Tim Cope 
Gippsland, Victoria, Australia
In the time it took to grow shoulder-length locks and a beard, Australian Tim Cope transformed himself from unknown university student to world-class adventurer. After training as a wilderness guide in Finland in 1998, Cope and his Aussie bud Chris Hatherly spent 14 months biking from Moscow to Beijinga 6,200-mile slog. Along the way, they endured three grueling days man-hauling their bikes and gear 12 miles through six-foot snowdrifts in Russia. Six months later, Copewho credits climber and author Joe Simpson for inspiring his unconventional approach to lifewas back in Siberia, rowing a wooden boat with a team of four down the Yenisey River, bound for the Arctic Ocean. "He wants a challenge, but he's not just into it for the feats of endurance," says Colin Angus, 31, the Canadian expedition leader who invited Cope on the Yenisey trip. "He uses the hardship as a way to meet the local people."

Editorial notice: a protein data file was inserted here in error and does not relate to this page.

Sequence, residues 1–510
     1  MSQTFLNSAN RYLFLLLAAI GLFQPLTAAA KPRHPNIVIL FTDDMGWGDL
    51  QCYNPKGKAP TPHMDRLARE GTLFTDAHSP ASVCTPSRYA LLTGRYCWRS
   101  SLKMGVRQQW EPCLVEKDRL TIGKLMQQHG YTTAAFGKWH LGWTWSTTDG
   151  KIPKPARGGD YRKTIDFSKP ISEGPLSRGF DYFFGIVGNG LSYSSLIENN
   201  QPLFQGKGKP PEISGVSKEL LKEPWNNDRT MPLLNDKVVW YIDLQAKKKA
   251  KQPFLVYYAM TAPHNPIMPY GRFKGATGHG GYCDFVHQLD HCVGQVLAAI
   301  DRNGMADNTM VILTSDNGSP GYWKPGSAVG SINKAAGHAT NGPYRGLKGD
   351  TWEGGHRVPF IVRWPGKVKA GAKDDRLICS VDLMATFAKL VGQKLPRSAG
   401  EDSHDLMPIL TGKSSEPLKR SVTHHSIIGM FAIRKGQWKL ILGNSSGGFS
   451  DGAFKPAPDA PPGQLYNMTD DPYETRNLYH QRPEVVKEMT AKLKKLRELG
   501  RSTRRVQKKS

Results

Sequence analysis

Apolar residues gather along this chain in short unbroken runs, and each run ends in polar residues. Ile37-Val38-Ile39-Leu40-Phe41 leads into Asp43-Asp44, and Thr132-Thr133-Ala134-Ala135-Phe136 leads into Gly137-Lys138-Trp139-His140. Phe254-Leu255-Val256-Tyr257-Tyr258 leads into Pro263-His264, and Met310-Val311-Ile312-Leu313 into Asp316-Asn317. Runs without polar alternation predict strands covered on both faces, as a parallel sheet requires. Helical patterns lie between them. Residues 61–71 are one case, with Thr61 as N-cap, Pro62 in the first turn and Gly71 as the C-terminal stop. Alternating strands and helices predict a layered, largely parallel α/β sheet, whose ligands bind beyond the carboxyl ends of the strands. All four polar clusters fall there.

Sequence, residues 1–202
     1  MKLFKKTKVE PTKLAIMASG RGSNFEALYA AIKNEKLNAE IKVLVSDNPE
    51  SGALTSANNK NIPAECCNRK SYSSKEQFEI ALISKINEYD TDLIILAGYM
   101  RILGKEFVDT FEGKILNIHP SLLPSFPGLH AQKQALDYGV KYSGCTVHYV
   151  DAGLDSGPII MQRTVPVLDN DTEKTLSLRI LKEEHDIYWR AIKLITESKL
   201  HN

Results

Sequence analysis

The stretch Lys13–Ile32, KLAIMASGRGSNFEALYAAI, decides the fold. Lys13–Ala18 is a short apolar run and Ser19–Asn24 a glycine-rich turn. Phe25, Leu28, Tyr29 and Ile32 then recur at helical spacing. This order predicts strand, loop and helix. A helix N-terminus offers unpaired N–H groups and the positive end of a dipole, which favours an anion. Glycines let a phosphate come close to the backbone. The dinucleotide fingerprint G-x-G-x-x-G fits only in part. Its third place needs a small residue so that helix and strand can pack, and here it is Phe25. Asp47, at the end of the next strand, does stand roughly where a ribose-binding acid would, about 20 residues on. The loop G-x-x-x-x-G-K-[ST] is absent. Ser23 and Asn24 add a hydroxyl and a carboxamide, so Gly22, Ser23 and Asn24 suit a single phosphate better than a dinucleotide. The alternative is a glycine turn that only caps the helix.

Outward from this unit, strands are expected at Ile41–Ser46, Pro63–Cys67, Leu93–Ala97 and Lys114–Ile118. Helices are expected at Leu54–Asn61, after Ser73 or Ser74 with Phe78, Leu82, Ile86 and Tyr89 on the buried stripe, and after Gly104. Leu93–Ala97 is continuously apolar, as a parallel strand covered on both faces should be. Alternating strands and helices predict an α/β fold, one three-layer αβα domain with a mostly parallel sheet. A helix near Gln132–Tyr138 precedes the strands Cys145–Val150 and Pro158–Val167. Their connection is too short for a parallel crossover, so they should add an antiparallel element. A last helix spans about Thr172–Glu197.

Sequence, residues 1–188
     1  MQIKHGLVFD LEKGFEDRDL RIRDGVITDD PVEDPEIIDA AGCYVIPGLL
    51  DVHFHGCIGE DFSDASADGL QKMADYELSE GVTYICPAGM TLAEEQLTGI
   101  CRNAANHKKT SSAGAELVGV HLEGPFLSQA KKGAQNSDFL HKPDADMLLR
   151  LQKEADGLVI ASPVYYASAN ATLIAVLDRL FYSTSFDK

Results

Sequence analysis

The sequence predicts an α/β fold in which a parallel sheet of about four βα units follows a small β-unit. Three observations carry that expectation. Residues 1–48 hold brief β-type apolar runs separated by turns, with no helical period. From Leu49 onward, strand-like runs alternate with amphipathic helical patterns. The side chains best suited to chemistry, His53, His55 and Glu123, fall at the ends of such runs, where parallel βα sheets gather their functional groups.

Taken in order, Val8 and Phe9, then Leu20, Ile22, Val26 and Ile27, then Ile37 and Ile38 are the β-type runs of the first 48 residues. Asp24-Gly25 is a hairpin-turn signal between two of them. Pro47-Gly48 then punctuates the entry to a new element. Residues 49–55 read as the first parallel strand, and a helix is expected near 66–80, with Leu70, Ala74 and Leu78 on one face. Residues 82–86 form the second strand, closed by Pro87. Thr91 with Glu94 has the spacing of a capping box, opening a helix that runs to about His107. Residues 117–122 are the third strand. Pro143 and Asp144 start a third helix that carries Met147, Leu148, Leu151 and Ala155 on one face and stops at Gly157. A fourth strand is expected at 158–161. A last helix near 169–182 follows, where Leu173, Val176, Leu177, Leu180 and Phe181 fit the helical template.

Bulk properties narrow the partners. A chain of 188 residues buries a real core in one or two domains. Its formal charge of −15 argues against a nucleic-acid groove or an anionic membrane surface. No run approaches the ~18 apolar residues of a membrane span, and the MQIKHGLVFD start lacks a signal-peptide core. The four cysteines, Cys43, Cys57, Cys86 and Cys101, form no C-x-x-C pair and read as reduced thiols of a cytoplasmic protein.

"I don't like to suffer," Cope says, "but when people see you putting yourself out there, they respond and let you in." No doubt Cope will make a few new friends starting next summer on his 30-month circumnavigation of the Arctic Circle. This time, he plans to use a variety of conveyances: reindeer, kayaks, and skis. "The cold makes the reality of life as a struggle for survival more obvious," Cope says of the northern climes. "You get the feeling of being in a landscape that's totally undisturbed, like a real explorer." Brad Wieners
Tim Cope